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Using Cascading Style Sheets in HTML

2012-06-08

Introduction

Cascading Style Sheets (CSS) allow customized styles to be applied to an HTML document. Instead of relying on the browser’s default font, size and color for a heading or a paragraph, CSS allows you to define custom styles for your page’s text, as well as many other page elements.

This article will show the three methods for using CSS in your HTML pages.

1. Inline CSS

Inline CSS allows styles to be applied individually to a particular HTML element. For example, if you have a plain text paragraph:

<p>This is a paragraph</p>

You can use the style attribute to apply custom formatting to the paragraph, such as color the text red:

<p style="color: #ff0000;">This is a paragraph</p>

This works fine for applying CSS formatting to individual elements, but it would get very tedious if you had to apply styles to every individual element in each document using this method:

<p style="
	font-family: arial, helvetica, sans-serif;
	color: #100515; 
	margin: 0.5em 0 1em 0;
">This is a paragraph</p>

<p style="
	font-family: arial, helvetica, sans-serif;
	color: #100515; 
	margin: 0.5em 0 1em 0;
">This is a second paragraph</p>

So, it would be useful to apply page-wide styles…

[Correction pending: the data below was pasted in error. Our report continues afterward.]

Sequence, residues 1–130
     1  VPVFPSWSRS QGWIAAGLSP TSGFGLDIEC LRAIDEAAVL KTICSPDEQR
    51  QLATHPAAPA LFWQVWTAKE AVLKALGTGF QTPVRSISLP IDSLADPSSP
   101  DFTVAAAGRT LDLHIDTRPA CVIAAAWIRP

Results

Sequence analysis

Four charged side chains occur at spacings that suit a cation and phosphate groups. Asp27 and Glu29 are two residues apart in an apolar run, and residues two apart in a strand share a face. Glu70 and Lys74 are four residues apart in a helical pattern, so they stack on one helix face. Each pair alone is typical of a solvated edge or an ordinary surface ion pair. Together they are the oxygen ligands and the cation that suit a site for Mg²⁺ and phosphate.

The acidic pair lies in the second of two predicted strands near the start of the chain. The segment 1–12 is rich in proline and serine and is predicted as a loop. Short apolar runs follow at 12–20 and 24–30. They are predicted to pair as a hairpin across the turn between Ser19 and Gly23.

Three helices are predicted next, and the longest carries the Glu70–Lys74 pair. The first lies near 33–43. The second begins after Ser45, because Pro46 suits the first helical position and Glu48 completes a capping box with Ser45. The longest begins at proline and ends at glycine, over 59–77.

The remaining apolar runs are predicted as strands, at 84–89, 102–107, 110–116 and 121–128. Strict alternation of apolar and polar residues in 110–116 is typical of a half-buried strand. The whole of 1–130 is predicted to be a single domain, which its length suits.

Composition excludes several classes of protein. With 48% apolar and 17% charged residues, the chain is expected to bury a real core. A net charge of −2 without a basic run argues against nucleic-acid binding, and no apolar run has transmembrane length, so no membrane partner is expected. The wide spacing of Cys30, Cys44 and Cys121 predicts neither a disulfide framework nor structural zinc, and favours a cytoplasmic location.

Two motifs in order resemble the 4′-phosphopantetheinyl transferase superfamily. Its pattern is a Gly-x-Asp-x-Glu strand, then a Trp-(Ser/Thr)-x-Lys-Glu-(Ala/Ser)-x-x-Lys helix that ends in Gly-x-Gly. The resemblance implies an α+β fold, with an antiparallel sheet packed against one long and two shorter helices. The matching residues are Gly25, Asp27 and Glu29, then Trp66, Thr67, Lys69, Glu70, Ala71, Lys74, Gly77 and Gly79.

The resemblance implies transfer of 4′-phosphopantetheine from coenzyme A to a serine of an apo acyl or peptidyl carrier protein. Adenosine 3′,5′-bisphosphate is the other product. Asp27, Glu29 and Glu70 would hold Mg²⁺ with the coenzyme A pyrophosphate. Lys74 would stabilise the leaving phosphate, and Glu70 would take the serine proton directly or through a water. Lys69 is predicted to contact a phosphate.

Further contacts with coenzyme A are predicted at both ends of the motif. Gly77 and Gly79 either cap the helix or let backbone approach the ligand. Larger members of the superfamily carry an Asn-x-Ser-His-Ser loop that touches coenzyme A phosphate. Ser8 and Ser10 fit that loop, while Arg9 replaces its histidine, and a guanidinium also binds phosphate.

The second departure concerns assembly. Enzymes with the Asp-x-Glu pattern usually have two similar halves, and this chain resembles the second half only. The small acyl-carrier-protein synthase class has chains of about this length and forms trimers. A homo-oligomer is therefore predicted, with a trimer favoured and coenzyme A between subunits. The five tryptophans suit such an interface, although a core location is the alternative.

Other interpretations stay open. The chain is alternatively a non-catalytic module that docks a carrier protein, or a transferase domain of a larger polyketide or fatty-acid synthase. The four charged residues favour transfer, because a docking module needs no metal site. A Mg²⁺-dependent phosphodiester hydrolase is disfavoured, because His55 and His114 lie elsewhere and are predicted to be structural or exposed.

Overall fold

2. Page Specific Style Sheet

Styles that are specific to a particular page can be placed within a <style> element in the <head> section of your HTML page:

<head>
	<title>Example Page</title>
	<style type="text/css">
	p {
		font-family: arial, helvetica, sans-serif;
		color: #100515; 
		margin: 0.5em 0 1em 0;
	}
	</style>
</head>

This particular example would make all paragraph elements (<p>) formatted with custom font, color and margin settings.

Modern HTML standards (HTML 4.01, XHTML 1.0, HTML5, etc) state that style sheets MUST be within the <head> section. In practice, however, browsers will still use the stylesheet correctly if you place it elsewhere in your document and not in the <head> section.

3. External Style Sheet

External style sheets are the best way to simply apply CSS formatting to many pages, such as applying a common set of styles to an entire site.

First, you place all your global styles in a single CSS file, and give it a name such as style.css:

h1 {
	font-family: times, serif;
	color: #001285; 
	margin: 2em 0 1em 0;
}

p {
	font-family: arial, helvetica, sans-serif;
	color: #100515; 
	margin: 0.5em 0 1em 0;
}

Now, you need to tell every HTML page to use this external CSS file. You do this using the <link> element in the <head> section of each HTML page:

<head>
	<title>Example Page</title>
	<link rel="stylesheet" type="text/css" href="style.css" />
</head>